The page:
Wednesday, March 25, 2009

More Hibernate glitches, part 2

I had previously written on an Expected positional parameter glitch in Hibernate when joining between entities using OneToOne and PrimaryKey + ForeignKey columns. It turns out, Hibernate has this problem no matter what field you query on the joined entity if you're quering by another entity. A way around this is to use the ID property of the joined entities and add another association to your HQL / Criteria query.

ie So if you have Person and Address having a OneToOne relationship

public class Person {
private Address address;

... and you want to query for a Person by Address, you would probably write something like :

from Person p where p.address = ?

... in HQL. Well, this is where you start running into the Expected positional parameter glitch. Instead, write your query like this :

from Person p where = ?

... and pass in a long / int / whatever type you use for an identifier for Person / Address instead and this will work around the glitch until it can be fixed.

Sunday, March 15, 2009

Stupid MySQL tricks

Recently, I found that our secondary server's MySQL partition was starting to get full. After running du -h --max-depth=1 several times recursively, I found that the source was the MySQL binary logs. As it turns out, MySQL comes with a very handy command for purging all log files. If you run :
show master logs
, you'll be given a list of the logs that the MySQL server is currently using. You can clear out old log files (some of which can be very large) by running the command
purge master logs to 'log-name-here -from-display'
. This will remove the old log files from the hard disk and save up some potentially much needed space.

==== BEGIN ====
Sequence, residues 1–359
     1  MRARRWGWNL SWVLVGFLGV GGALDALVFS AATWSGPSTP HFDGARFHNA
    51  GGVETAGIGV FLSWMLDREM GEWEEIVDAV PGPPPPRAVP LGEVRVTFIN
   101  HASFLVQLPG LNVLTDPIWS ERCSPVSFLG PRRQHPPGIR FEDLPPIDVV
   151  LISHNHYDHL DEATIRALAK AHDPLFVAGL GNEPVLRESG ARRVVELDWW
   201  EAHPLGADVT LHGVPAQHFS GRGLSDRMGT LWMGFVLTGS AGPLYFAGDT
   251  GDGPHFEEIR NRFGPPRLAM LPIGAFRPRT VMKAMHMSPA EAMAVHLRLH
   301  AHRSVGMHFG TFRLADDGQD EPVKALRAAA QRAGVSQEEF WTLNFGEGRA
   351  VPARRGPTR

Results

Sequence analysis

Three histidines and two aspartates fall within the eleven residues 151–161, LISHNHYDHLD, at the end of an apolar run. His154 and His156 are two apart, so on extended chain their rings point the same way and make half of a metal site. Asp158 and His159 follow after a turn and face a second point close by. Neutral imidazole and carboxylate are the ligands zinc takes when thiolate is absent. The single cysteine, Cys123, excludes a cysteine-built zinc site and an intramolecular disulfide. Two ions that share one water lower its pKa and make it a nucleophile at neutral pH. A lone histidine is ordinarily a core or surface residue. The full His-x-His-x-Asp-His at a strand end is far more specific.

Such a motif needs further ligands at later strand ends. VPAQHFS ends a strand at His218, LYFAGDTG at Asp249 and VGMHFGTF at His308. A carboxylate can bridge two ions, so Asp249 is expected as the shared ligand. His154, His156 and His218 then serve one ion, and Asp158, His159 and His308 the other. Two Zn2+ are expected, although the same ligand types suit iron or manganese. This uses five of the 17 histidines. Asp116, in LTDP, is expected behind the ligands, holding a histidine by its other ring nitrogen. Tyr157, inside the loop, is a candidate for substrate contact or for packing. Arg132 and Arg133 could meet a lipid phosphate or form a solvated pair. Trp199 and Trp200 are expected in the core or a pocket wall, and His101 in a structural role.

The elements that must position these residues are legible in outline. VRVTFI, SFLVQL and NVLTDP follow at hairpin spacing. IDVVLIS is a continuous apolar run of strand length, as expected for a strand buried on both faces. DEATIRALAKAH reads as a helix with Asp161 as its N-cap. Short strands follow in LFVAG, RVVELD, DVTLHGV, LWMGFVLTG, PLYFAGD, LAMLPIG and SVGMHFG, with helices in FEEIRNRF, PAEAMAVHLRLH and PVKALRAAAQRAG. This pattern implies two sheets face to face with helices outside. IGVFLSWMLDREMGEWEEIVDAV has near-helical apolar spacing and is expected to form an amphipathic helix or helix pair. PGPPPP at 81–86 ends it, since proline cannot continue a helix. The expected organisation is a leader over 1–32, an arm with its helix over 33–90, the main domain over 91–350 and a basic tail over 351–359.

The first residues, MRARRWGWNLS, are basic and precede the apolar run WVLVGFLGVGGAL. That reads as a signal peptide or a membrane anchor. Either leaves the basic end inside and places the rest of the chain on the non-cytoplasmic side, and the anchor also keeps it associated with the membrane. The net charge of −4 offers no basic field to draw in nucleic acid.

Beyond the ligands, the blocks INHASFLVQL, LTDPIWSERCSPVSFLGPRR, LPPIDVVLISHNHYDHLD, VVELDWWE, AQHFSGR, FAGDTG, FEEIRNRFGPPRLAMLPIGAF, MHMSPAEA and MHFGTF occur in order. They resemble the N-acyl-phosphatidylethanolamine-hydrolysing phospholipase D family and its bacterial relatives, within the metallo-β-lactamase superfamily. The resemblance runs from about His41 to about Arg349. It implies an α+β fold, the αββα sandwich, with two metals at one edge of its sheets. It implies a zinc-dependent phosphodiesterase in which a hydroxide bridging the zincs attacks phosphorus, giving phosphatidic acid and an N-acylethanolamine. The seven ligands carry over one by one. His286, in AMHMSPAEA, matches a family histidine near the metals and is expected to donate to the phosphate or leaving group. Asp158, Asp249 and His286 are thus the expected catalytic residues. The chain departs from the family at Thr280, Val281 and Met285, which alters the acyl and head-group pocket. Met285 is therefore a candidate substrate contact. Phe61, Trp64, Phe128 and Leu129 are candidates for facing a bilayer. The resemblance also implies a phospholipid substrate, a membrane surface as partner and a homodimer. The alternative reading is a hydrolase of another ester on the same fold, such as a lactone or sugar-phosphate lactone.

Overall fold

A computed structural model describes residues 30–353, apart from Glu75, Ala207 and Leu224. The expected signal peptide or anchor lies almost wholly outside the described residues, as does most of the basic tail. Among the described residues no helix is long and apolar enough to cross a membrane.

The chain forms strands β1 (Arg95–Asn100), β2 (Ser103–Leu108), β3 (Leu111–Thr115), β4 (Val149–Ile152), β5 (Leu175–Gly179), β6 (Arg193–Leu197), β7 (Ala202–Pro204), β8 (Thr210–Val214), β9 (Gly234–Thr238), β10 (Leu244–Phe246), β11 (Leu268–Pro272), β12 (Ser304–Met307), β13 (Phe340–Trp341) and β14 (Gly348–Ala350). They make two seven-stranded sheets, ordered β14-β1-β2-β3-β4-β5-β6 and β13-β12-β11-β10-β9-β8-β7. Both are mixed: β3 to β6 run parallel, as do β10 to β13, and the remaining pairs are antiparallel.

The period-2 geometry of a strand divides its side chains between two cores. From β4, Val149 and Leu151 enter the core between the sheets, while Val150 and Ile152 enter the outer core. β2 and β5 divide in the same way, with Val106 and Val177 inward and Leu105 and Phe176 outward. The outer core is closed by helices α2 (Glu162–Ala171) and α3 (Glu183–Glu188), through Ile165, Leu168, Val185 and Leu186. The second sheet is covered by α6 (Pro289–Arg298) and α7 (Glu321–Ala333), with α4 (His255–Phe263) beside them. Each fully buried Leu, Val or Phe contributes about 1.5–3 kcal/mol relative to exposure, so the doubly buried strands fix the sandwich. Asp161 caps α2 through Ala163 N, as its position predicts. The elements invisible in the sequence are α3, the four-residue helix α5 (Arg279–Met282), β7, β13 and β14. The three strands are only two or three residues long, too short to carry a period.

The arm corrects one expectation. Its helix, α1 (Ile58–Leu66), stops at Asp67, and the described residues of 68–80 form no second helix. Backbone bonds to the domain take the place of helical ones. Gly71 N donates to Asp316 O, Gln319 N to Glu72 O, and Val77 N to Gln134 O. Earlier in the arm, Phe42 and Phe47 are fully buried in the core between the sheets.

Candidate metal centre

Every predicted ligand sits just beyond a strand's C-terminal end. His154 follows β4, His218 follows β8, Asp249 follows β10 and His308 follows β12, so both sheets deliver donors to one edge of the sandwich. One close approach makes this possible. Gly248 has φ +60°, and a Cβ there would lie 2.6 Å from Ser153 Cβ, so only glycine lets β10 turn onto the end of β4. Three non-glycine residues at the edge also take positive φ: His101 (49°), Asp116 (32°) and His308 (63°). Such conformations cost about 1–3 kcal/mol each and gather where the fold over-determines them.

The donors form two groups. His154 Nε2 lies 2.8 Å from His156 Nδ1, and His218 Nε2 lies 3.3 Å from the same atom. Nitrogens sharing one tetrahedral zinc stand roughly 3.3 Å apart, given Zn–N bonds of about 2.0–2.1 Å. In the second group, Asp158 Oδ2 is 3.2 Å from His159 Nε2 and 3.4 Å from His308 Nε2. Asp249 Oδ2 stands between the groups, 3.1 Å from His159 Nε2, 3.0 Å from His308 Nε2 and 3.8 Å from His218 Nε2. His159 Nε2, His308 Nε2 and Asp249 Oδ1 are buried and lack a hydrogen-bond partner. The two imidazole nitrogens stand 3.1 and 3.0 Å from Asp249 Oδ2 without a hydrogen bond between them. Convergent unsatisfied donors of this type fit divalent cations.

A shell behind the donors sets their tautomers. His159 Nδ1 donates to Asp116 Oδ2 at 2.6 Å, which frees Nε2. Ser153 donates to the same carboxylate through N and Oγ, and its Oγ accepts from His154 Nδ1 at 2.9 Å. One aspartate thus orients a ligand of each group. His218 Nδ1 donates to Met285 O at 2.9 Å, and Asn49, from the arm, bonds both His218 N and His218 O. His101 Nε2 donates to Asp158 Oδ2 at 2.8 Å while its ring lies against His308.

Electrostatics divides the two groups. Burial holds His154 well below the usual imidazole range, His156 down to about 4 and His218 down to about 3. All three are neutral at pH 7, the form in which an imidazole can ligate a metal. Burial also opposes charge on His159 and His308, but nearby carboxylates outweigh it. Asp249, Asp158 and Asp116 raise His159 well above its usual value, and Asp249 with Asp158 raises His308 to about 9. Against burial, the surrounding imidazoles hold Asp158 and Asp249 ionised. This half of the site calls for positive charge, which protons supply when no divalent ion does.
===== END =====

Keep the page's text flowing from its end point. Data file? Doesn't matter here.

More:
Friday, March 13, 2009

Spring Webflow 2 Quirks

As I recently found out after a marathon debugging session, if you have a <transition> element that executes actions, and any beans involved in an expression evaluation don't exist in your application context, SWF2 will spin it's wheels instead of properly resolving things, leaving your flow in the lurch. At the time of this writing, I'm using Spring Webflow 2.

Thursday, March 12, 2009

More Hibernate glitches

I've recently discovered the joy of actually getting OneToOne primary key columns on objects working, so I've started using them more often (where appropriate). Naturally, increased use means increased chances of finding a bug, which I have. It seems there's a parser problem in HQL when it comes to querying on ID columns that are also objects. If you try to query on the object type (ie Person) rather than the ID type (ie Long), you'll get an exception saying something along the lines of :

Expected positional parameter count: 1, actual parameters: [Parent@bec357b] [from Child this where = ?]

The above line is from HHH-2254, but it's representative of the problem I ran across. The problem is that hibernate doesn't properly parse and fill in the parameters in the query. You can get around this by changing the query to use a simple type for ID instead of the object type.

Wednesday, March 11, 2009

Stupid Hibernate Tricks

I've recently been finding myself looking for a way to get Hibernate to override the default type for strings (varchar) and use char instead in order to boost performance of the database for fields that I know are going to have a fixed length. During my search, I came upon a couple of solutions.

Using annotations
You can use the 'columnDefinition' attribute of the @Column annotation to specify the SQL type directly. This has the unfortunate side effective of possibly reducing the database portability of your application.

Using SQL Dialects
You can override one of Hibernate's built in SQL Dialects and make char() types the default for strings. One other interesting possibility this opens up is that it allows you to only override the definition for certain lengths, ie, you could make any strings less than or equal to 4 characters in length use a char() definition, and the rest could use varchar definitions. This is done using the 'registerColumnType' method of Dialect.